RF current to fuse tissues and blood vessels. While this equipment has resulted in much reduced surgery times and fewer bleeding problems. it can also result in stray RF travelling around in the patient's body. Usually a secure ground is attached to the body in the area where work is taking place. but if that ground develops a poor contact. RF leakage throughout the body can take place. So. follow the instructions and remove the jewelry. It might not be a problem at all, but it might also save you from serious injury in an emergency, and it's not all that difficult to do. A little bit of nylon cord can save a lot of injury. Short note: Diathermy equipment also has similar effects, though patients undergoing diathermy probably have a better grip on what is happening to them and the effect isn't so severe. Frankly, does anyone still use diathermy these days. anyway? I haven't heard about it for years.... -SCOtt Dorsey via the Internet kludgea>grissom.Iarc. nasa. gov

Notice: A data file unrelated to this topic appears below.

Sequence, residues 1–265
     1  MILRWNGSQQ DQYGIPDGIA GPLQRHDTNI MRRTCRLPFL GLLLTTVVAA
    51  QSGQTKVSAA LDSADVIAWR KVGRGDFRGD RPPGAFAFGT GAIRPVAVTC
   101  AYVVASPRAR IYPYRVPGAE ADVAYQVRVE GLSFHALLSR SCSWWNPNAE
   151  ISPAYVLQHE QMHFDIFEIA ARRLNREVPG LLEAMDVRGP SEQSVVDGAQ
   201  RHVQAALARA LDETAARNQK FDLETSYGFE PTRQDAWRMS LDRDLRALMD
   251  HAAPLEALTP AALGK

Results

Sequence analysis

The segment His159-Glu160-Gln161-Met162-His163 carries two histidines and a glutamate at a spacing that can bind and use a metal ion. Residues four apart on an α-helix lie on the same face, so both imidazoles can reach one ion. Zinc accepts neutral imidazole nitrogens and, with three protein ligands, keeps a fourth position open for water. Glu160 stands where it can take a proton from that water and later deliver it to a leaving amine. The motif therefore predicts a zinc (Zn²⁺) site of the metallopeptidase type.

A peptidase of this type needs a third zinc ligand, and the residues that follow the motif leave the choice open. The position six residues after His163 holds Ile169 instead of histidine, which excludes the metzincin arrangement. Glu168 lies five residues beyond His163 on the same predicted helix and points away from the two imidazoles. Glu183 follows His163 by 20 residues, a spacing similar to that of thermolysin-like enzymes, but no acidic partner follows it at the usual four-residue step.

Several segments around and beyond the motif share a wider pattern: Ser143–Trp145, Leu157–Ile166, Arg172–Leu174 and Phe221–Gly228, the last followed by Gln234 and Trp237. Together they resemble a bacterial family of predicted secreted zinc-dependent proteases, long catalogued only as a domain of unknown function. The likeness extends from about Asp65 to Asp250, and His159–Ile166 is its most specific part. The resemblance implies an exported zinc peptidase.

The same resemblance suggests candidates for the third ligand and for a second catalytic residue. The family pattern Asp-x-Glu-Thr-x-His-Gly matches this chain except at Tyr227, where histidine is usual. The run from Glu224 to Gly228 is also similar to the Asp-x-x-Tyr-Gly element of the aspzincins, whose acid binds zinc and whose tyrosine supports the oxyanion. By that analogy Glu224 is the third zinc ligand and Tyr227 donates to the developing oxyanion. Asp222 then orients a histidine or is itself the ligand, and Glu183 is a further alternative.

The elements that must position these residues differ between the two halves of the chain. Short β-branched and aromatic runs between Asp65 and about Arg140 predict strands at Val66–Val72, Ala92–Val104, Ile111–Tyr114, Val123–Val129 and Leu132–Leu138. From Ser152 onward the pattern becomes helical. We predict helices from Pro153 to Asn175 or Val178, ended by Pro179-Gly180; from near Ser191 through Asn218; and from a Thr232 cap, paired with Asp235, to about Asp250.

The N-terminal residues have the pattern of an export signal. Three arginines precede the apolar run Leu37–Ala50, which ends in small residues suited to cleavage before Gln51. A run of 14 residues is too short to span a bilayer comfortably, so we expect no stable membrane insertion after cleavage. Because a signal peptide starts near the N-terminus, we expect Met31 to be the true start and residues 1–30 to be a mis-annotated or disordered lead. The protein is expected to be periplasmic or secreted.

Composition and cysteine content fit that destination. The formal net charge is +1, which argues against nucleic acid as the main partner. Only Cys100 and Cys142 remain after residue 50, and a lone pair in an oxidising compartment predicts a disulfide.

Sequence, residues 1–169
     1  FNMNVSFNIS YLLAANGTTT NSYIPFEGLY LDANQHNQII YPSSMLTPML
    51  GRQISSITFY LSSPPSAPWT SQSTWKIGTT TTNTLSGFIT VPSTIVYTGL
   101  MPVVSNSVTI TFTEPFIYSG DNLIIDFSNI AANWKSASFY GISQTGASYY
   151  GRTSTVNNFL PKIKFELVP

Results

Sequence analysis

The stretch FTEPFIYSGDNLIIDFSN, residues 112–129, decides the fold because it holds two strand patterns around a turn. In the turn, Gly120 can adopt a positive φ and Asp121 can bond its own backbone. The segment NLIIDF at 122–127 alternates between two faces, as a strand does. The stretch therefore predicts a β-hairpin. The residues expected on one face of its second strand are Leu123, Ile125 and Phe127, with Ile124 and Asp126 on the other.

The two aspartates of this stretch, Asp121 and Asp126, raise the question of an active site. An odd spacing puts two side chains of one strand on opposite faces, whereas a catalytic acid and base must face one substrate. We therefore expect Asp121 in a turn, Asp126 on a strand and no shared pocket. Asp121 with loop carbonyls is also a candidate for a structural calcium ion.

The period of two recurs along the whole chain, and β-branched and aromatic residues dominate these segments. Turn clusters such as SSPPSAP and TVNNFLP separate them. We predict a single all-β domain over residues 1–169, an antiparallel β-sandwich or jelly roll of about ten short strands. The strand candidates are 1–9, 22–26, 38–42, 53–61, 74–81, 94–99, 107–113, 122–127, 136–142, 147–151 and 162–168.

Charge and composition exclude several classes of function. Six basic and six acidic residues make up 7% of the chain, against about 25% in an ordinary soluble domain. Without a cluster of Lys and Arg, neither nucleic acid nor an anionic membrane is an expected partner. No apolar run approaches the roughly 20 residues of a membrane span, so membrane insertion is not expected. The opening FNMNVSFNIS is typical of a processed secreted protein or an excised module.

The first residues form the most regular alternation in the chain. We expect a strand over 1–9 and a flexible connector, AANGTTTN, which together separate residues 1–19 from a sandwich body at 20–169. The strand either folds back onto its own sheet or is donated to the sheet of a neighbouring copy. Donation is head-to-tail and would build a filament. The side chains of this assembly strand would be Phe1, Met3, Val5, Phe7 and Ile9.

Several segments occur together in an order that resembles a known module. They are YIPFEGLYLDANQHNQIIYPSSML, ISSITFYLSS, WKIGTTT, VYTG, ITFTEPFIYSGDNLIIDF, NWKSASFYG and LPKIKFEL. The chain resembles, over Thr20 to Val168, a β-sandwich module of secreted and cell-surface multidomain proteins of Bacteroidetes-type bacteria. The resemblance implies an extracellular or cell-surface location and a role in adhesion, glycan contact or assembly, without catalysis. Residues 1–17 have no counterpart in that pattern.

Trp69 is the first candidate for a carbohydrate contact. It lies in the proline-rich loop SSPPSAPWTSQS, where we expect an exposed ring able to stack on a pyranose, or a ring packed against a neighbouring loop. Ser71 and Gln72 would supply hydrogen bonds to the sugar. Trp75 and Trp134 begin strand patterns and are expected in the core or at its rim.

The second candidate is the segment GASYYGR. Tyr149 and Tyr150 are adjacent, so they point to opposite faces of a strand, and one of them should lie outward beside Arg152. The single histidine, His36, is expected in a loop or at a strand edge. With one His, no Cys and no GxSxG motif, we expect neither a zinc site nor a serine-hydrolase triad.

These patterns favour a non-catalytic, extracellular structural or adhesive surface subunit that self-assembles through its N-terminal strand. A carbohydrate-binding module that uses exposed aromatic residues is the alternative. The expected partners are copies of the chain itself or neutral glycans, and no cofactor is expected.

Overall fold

WH4TIt4 "PROF.ffIOM41c'" There are many approaches to Professional body piercing, many reasons which define the core of why one engages in thiS art. Key terms such as "Professional," "Responsible." and "Cutting edge" are not universally understood. there is no definition accepted by all. Are you a "Professional" simply because you are able to persuade people to pay you for piercing them? Does "Responsible" mean no more than none of your piercees have ended up in the hospital as a result of your piercing them or failing to give sound aftercare suggestions (yet)? Is "Cutting